The secret of Joe Bell’s longevity eludes even him. “I’m a fuckin’ enigma,” he says. Bell and his band the Stinging Blades have been cranking out soul and R&B in the spirit of Wilson Pickett, Tyrone Davis and Van Morrison around these parts since 1989.

“We’re doing it for nothing but love,” Bell jokes. “And apparently, there’s still enough people out there who come for the magic when it happens, ’cause occasionally we still got the spark, man.”

Bell first felt the spark back in high school when he saw a young Lightnin’ Wells front an English cover band in a Methodist church in Goldsboro, where the two grew up. Bell said he knew he could sing as good and could sure dance a lot better.

“I can still dance better than Lightnin’ Wells,” Bell chuckles. “That pisses him off, too.”

In spite of all the dancing, grunting and sweating Bell has done in the name of R&B, it’s getting harder to find a place to showcase his talents. He’s been forced to modify his program.

“The spirit of R&B certainly pervades everything we do, and of course we do some out-and-out R&B stuff, but we’ve been writing some new material lately,” Bell says.

He describes the new stuff as “general funky Southern-fried rock.” But don’t mistake the band for Southern rockers and show up hollerin’ for “Free Bird.” Bell laughs at that one. But there’s nothing funny about the lack of venues for the classic R&B the band is best known for.

“It’s been a real shot in the arm to be creative and try to come up with stuff. However, we miss playing all that good R&B that we did,” Bell says. “We can’t find the fucking venues for it. All the oyster houses, which used to be our mainstay, won’t have us anymore because they’ve turned into this mainline, lowest-common-denominator stuff.”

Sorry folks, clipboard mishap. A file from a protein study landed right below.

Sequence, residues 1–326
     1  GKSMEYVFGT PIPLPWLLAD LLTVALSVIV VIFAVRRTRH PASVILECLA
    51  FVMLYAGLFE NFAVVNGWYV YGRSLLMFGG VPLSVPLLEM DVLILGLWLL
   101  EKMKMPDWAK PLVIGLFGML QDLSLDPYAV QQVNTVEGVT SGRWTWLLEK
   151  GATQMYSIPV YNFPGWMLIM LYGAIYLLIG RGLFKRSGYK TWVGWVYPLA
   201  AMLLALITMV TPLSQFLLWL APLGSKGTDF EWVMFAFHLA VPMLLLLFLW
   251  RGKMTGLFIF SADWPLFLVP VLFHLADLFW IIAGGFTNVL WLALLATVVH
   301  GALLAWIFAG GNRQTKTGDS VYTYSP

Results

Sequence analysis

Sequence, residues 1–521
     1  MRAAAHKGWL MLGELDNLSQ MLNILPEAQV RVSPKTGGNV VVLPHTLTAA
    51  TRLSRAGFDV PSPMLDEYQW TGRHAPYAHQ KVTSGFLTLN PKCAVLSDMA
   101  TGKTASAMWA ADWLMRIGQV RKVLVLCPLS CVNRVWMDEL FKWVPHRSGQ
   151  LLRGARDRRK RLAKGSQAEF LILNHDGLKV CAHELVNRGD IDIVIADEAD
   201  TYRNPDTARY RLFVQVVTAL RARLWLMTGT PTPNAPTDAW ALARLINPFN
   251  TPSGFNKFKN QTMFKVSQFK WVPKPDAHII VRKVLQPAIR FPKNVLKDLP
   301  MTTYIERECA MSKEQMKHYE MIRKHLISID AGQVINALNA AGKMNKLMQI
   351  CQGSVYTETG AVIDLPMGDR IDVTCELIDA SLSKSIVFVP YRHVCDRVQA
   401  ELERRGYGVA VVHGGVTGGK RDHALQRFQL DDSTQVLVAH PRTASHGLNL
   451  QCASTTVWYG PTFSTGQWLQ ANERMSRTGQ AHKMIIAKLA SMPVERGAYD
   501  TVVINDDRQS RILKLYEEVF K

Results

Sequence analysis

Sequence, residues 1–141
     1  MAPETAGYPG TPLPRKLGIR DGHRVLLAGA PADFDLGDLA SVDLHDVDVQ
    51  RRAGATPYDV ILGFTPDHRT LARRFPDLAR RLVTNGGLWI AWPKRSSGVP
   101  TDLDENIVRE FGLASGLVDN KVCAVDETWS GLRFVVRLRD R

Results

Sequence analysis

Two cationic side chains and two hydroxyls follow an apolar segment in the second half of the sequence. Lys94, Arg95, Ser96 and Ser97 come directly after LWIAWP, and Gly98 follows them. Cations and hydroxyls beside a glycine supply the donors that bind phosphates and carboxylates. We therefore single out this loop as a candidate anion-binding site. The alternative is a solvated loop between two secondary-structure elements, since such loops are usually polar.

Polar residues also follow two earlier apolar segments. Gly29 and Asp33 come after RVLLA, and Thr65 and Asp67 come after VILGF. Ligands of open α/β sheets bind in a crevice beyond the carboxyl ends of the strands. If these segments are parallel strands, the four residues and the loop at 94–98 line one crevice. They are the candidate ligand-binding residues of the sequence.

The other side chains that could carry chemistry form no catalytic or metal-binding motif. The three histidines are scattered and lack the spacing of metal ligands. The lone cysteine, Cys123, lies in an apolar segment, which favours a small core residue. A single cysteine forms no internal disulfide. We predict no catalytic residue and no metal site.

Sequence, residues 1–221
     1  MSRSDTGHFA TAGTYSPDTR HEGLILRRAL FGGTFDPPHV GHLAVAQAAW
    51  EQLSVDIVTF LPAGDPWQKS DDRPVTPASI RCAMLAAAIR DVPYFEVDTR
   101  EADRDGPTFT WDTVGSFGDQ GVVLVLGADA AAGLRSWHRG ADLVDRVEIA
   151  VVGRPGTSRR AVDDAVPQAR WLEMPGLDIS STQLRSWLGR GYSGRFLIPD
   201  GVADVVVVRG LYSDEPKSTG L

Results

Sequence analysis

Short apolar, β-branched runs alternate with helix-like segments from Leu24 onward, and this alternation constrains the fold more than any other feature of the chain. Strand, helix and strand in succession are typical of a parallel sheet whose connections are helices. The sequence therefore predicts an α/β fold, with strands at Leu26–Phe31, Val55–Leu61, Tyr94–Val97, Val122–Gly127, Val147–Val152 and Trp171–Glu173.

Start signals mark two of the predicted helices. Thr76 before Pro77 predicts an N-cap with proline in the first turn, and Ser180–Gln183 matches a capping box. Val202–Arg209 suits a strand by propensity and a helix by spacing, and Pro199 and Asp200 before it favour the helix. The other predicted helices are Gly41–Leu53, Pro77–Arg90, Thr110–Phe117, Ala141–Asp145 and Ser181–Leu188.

There are only about six bands that play the cover circuit, constantly rotating through, playing the radio hits ad nauseum. Bell acknowledges that.

“This sad tale I’m telling isn’t just about me, it’s happening for a lot of bands,” Bell says. “For people who want to play good R&B or good solid rock ‘n’ roll without playing all the damn hits, this is a real slow period right now, so we’re suffering like fuckers.”

About the only places you can see the band these days is at The Cave in Chapel Hill or the Blue Bayou Music Club in Hillsborough. Bell won’t be doing any covers at The Cave, as owner Mouse Mock has decreed that bands that perform there only do original material.

“The way I understand it, he’s just trying to avoid paying those ASCAP people,” Bell says. “‘Cause he don’t make any money down there. He’s just keeping that place open as a public service, and God bless him for it.”

Bell’s not about to give up. The secret of his longevity, he believes, is his refusal to compromise.

“It’s tough, but we’re still killin’ it,” Bell says. “We’re up there trying to get release. We’re going for the gold. We’re out there for the transcendental high. We got the fire. We got the magic … and when it happens … shit!”

Joe Bell plays the early show at The Cave Friday, March 3.